Commission hears concerns from community regarding semi-truck traffic
Published 10:09 pm Thursday, January 12, 2023
By Haley Mitchell-Godwin
The Crenshaw County Commission held an administrative work session Monday beginning at 9 a.m. with a regular session held immediately after.
A wide variety of subject material was discussed during the gathering with Phillip Carr, of Brantley, opening the conversation by addressing the Commision with his concerns about heavy semi truck traffic on Ivy Creek Road/County Road 77.
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Carr requested actions be taken to reduce the number of semi trucks that travel this road, on which he lives. He presented the commissioners with many facts about the issue and offered suggestions that might assist with limiting through traffic for 18 wheelers.
“In just three hours this morning, I had 24 semis fly by my driveway,” Carr said. “Only two were farm trucks hauling feed. These trucks could take an alternative route that would only add on four minutes of driving time and only cost an additional $4.50 worth of fuel. These trucks damage our roads. To resurface the 10.2 miles of Ivy Creek Road, it would cost around $4.5-5 million dollars.Is it really in the best interest of Crenshaw County to spend that money just to save a truck driver a few minutes?”
Commissioner Charlie Sankey thanked Carr for coming before the commission and then proceeded to inform Carr that the county commission nor local law enforcement agencies have jurisdiction with things of this nature.
“I understand the problem completely but unfortunately we can’t control that from this bench,” Sankey said. “We appreciate when citizens pay attention to things like this, and we will help in any way we can to slow down some of that semi traffic. The state’s biggest industry, second only to poultry, is logging and those trucks are on their way to the sawmills, driven by people trying to make a living. What we can do is solicit ALEA to help us get some things going and work on monitoring the speed more closely, but as far as restricting any kind of vehicles from traveling Highway 77, we do not have the authority.”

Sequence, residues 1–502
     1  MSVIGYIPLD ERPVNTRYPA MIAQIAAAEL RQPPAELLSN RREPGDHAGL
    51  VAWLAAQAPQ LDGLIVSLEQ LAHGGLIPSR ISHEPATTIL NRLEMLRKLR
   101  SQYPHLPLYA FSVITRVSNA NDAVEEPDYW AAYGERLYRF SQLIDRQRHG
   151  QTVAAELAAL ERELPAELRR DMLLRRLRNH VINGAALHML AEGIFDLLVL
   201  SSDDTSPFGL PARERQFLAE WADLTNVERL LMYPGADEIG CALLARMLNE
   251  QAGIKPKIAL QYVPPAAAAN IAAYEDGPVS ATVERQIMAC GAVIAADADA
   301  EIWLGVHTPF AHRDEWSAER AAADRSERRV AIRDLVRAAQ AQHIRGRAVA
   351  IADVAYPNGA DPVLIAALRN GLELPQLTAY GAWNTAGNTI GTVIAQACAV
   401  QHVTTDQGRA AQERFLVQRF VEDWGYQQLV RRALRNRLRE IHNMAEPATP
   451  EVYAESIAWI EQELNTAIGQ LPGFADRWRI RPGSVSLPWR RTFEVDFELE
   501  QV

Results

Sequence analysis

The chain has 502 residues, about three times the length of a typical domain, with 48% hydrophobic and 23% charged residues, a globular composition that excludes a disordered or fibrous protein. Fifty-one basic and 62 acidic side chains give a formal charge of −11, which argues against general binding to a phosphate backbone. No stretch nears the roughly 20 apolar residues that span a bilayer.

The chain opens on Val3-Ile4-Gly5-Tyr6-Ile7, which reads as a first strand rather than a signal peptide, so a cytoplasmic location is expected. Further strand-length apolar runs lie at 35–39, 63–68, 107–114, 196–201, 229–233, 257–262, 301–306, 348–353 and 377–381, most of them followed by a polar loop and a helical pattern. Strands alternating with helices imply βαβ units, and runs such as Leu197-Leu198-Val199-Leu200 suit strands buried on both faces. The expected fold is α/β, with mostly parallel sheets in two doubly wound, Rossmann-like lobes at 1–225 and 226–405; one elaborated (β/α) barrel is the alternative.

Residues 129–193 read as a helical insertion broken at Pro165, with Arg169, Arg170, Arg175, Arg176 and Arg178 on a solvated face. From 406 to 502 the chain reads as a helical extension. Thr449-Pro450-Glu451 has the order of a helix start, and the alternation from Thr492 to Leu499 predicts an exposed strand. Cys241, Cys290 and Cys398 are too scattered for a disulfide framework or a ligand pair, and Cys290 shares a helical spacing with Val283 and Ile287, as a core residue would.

Crenshaw County Engineer Benjie Sanders took his place at the podium, echoing the sentiments of Commissioner Sankey while expounding upon and encouraging more conversation on the issue.
“Mr. Carr is absolutely right regarding his comments, and so were the Commissioners about this being out of their hands,” Sanders said. “We do appreciate your knowledge and your spot on facts Mr. Carr. One thing we can do is work towards defeating a bill that, if passed, would increase the allowed maximum weight for these big trucks from 80,000 pounds to 100,000 pounds. Fortunately, ALDOT is fighting this.
“They are making Crenshaw, Montgomery, and Elmore Counties the three focus counties where they will do an in-depth analysis on each county’s bridge situations and learn about what this weight limit increase could do to our bridges. According to ALDOT, if this limit is increased, another quarter inch of asphalt will be needed on roads to account for the extra weight. A quarter inch does not sound like much, but it would equal up to around $20,000.00 a mile.”